An online documentary series featuring interviews with smart people about the changing role of design.
As technology becomes more complex and opaque, how will we as designers understand its potential, do hands-on work, translate it into forms people can understand and use, and lead meaningful conversations with manufacturers and policymakers about its downstream implications? We are entering a new technology landscape shaped by artificial intelligence, advanced robotics and synthetic biology.
So far there’s Kevin Slavin, Molly Wright Steenson, and Alexandra Daisy Ginsberg, with more to come from the likes of Matt Jones, Anab Jain, Dan Hill, and many, many more.
Saturday, March 9th, 2019
Saturday, February 16th, 2019
I linked to this a while back but now this great half hour documentary by Jessica Yu is ready and you can watch the whole thing online: Tim Berners-Lee, the birth of the web, and where the web has gone since.
In the scenes describing the early web, there’s footage of the recreated Line Mode Browser—how cool is that‽
Sunday, February 3rd, 2019
This documentary, made entirely with archive footage, looks like it will be amazing! I really hope I get to see it in a cinema.
Crafted from a newly discovered trove of 65mm footage, and more than 11,000 hours of uncatalogued audio recordings, Apollo 11 takes us straight to the heart of NASA’s most celebrated mission—the one that first put men on the moon, and forever made Neil Armstrong and Buzz Aldrin into household names.
Aw! What about Michael Collins‽ He’s always the Ringo of the mission, even though he was the coolest dude.
Tuesday, December 4th, 2018
The newest Gary Hustwit film is a documentary about Dieter Rams, featuring plinkity music by Brian Eno.
Rams is a design documentary, but it’s also a rumination on consumerism, materialism, and sustainability.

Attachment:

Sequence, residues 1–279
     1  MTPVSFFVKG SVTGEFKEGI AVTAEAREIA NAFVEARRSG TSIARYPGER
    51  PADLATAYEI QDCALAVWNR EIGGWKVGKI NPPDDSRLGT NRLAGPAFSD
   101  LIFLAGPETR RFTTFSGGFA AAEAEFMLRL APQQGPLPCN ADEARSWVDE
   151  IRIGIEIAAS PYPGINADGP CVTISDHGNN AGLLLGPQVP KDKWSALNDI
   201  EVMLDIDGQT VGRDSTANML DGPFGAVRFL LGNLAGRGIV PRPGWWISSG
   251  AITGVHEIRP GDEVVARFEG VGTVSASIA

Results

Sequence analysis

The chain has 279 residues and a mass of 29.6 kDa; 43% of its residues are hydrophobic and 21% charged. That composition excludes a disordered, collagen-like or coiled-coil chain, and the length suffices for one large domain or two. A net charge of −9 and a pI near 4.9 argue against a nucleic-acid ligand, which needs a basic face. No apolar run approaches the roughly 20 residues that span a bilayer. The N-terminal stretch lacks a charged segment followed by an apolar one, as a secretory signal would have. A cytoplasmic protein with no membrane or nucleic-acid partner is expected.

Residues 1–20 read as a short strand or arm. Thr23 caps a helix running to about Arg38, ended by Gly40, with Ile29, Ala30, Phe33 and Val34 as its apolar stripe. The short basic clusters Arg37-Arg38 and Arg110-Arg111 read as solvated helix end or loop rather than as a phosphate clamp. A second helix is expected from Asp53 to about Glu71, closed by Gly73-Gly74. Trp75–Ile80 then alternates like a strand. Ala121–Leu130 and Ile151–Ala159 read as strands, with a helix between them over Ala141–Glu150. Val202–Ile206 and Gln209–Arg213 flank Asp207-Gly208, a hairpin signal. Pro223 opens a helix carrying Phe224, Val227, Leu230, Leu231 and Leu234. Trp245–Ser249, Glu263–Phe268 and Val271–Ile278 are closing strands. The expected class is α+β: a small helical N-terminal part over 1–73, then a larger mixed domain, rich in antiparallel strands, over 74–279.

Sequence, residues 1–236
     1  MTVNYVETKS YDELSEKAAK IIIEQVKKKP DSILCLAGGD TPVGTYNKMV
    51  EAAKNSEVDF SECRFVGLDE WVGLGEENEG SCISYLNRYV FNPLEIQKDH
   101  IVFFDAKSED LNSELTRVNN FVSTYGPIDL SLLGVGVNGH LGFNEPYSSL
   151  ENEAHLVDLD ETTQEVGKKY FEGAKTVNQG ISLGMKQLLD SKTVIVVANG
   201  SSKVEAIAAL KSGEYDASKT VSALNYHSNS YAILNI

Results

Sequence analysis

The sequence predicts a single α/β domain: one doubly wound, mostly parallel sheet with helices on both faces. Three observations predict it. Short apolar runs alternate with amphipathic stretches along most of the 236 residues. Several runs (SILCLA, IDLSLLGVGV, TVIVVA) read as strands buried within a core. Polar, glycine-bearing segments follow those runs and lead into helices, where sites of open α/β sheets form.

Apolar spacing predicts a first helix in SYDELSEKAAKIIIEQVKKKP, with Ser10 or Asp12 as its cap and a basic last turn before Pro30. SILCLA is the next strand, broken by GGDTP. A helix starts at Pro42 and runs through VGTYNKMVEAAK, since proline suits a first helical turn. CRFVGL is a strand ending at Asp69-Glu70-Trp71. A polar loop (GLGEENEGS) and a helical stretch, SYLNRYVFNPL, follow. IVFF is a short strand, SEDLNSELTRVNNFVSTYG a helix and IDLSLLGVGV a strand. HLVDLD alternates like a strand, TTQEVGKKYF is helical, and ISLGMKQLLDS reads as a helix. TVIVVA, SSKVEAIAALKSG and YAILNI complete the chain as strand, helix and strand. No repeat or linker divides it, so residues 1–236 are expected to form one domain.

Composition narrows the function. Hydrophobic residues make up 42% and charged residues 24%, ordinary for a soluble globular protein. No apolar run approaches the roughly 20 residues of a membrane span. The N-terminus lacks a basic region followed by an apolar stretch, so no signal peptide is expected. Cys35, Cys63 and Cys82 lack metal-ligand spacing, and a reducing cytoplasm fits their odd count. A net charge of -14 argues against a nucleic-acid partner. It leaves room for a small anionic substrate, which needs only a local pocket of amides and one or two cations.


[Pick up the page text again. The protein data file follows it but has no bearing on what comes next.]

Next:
Tuesday, October 9th, 2018
A new impressionistic documentary about Space City.
Tuesday, July 31st, 2018
A forthcoming documentary about the company spun out of Apple to create a handheld communication device …in 1990.
From mobile computing, social media, downloadable apps and e-commerce to touchscreens, emoji and USB, the products and services that now dominate the tech industry and our day-to-day lives were born at General Magic.
Sunday, June 3rd, 2018
This forthcoming documentary on Ursula K. Le Guin looks like it will be very good indeed.
Wednesday, December 20th, 2017
This looks like a rather good documentary about the best band in the world.
Monday, March 20th, 2017
There’s something very endearing about this docudrama retelling of the story of the web.
Friday, December 23rd, 2016
Matt Griffin’s thoughtful documentary is now available for free on Vimeo. It’s a lovely look at the past, present, and future of the web, marred only by the brief appearance of yours truly.
Saturday, October 8th, 2016
The 1978 short film Farewell, etaoin shrdlu documents the changeover from linotype to digital typesetting at The New York Times.
An evenhanded treatment of the unremitting march of technological progress, Weiss’s film about an outmoded craft is stylistically vintage yet also immediate in its investigation of modernity.